This page contains a single entry from the blog posted on September 4, 2010 5:10 AM. The previous post in this blog was David Bragdon is still gone. The next post in this blog is Quick! Before the public catches on!. Many more can be found on the main index page or by looking through the archives.

E-mail, Feeds, 'n' Stuff

Saturday, September 4, 2010


A friend and reader writes:

California has 57 Fortune 500 companies. Oregon has 2. What makes California more business-friendly? Its tax rates, environmental rules, state regulations, and general state government ineptitude cannot be said to be more business-friendly than Oregon. And compared to Delaware, which is the business-friendly corporate Mecca? Delaware has 1 Fortune 500 company. It appears that there is something else at work that attracts business to a region that is more important than the perception of a state as business-friendly, or not.

Comments (14)

California is a HUGE market for products and services, dwarfing many nations, and certainly dwarfing the State of Oregon. That's for starters.

I would imagine that several of those Fortune 500 companies are tech related and reside in the Silicone Valley. One advantage they have is a plethora of high tech talent and start up capital that just doesn't exist in the same quantity and quality as it does here in Oregon. Obviously, as mentioned by your friend, California is a total cesspool in terms of owning and operating a business.

I'll venture a guess that it has to do with the higher education system in California with CalTech and Stanford and the other schools. Massachusetts has a similar dynamic going for it with all the school in and around Boston.

In Oregon the higher education system was built outside of the major population center,that being Portland, and many of the grads from OSU & UO get their degrees and move out of state. But I could be wrong.

Don't overlook the value of Pentagon spending, the OTHER white meat of industrial development. Oregon is a donor state to the feds, giving the feds more than the feds give back. An awful lot of that difference winds up to the south of us, supporting gigantic bases and "defense" contractors that, naturally located near big bases, the better to keep the revolving door for top brass spinning smoothly and quietly.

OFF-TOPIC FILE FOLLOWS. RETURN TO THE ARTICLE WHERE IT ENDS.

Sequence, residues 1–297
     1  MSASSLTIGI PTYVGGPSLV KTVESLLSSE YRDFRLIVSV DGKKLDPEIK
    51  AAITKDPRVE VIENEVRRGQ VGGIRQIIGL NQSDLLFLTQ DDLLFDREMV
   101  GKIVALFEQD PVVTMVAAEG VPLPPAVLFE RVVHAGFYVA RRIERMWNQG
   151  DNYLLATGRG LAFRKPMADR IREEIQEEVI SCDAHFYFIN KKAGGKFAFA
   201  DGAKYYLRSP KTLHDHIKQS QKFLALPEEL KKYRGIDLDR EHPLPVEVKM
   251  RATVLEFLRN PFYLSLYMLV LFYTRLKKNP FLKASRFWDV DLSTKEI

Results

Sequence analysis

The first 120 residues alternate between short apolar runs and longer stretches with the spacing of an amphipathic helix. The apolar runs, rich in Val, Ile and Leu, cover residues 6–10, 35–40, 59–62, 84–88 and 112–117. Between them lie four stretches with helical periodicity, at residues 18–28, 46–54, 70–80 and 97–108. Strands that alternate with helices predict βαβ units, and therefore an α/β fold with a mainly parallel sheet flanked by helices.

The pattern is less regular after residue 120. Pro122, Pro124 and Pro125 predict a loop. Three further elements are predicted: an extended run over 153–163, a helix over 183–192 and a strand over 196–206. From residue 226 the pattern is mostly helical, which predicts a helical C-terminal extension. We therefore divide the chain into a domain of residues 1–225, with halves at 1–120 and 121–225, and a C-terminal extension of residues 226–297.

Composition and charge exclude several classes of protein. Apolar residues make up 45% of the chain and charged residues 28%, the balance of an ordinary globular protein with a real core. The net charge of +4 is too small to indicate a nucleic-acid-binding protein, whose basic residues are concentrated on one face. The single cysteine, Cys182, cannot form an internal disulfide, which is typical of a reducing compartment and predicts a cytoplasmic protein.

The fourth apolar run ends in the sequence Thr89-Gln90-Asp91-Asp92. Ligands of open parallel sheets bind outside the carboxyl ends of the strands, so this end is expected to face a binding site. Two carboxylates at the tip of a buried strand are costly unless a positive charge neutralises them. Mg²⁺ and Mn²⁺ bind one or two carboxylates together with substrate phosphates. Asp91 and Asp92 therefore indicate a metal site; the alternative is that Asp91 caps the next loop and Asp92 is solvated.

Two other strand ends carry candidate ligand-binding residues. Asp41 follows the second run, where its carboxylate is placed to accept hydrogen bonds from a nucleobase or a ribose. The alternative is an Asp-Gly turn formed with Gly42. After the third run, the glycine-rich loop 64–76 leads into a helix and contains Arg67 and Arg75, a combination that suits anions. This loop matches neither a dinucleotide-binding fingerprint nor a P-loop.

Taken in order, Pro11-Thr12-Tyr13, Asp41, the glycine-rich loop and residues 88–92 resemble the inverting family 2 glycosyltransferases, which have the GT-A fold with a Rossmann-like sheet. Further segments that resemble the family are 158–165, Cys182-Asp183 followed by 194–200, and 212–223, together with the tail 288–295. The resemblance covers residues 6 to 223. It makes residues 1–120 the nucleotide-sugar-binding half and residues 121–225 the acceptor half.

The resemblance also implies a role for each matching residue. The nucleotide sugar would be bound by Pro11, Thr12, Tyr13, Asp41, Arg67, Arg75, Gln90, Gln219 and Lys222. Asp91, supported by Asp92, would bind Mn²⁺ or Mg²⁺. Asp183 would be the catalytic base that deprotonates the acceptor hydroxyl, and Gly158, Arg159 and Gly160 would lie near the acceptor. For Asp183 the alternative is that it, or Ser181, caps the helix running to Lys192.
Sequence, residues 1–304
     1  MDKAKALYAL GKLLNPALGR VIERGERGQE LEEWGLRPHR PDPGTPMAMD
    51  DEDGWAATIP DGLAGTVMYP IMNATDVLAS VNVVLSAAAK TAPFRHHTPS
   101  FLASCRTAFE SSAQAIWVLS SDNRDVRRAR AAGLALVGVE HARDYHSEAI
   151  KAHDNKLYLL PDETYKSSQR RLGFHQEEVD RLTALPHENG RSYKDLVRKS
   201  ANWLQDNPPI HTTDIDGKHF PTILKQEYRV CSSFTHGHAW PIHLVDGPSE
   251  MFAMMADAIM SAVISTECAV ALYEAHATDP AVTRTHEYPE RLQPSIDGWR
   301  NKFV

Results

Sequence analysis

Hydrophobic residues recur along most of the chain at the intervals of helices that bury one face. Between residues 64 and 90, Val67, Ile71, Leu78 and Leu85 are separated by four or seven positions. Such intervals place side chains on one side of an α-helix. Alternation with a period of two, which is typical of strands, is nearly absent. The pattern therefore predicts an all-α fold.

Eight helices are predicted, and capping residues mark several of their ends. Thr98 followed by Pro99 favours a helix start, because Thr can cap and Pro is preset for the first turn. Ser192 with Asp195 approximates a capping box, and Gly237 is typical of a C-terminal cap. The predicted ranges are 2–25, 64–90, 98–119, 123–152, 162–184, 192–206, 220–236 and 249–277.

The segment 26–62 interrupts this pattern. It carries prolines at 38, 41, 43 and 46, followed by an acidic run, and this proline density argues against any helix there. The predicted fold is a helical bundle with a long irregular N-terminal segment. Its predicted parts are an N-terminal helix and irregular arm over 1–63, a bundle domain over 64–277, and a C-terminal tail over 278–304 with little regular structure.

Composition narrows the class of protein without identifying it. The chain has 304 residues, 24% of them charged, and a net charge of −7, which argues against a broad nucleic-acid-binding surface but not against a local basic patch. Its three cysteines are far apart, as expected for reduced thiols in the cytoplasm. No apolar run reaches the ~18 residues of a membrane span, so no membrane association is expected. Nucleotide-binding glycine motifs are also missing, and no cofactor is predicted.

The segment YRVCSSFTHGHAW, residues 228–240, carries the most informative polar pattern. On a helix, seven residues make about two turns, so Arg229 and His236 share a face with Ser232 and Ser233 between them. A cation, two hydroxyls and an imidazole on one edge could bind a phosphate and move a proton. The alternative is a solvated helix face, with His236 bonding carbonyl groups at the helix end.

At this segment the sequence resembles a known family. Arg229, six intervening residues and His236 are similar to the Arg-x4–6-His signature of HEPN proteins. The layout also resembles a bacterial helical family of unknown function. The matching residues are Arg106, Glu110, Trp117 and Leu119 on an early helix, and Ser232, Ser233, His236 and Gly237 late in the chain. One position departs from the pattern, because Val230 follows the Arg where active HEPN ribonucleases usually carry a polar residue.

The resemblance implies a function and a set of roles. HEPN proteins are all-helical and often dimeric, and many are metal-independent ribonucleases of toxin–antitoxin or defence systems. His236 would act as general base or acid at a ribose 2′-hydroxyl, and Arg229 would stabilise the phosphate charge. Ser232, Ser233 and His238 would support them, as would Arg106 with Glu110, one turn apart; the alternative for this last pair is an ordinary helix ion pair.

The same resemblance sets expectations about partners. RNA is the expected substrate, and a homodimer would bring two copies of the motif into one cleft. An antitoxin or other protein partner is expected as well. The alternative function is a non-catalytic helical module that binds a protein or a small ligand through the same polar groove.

Silicon Valley, a buttload of venture capital, and nice weather. California was truly a paradise for a long long time. It got established and built-up and now just has a momentum of its own.

...reside in the Silicone Valley

Maybe that's the reason. The women benefit from all that available Silicone.

Weather and good universities.

Wait a minute, I though SMALL businesses were the backbone of job creation. What difference does it make if Oregon has fewer Fortune 500 companies?

All those things your reader mentioned were not true when those Fortune 500 corporations were started in California.

How exactly does one start a Fortune 500 company? I might like to do that. Not enough timenleft to start small.

Invent a new operating system. In your garage.

Optimists sometimes point out that “new economy” companies like Disney, Google, Hewlett-Packard, and Apple, as well as scores of smaller innovative firms, continue to keep their headquarters in the state. But this is to ignore the fact that many of these companies are sending their middle- and working-class employees to other locales. Evidence of middle-class flight: since 1999, according to California Lutheran University, the state has seen a far steeper decline in households earning between $35,000 and $75,000 than the national average.

Read more of this interesting article here:


Portland, in particular, has a longstanding history of corruption, going back 150 years, and the fact is that bad deals will always end up attracting more bad deals, while driving away good deals.

Back in the mid-90s, I worked for the City of Oxnard, in Southern California. And even though Oxnard has geographical advantages that any city would die for, it has languished economically for decades, and has been named to a list of the 50 worst cities in the U.S., because it has the same type of corrupt political culture that exists here in Portland. In fact, just last month Oxnard city hall was finally raided by the FBI.

So, people here in Oregon shouldn't think that intelligent corporate executives and investors can't figure out what's happening here in Portland, and decide to take their business elsewhere.

You hit the nail on the head, Peter.

Clicky Web Analytics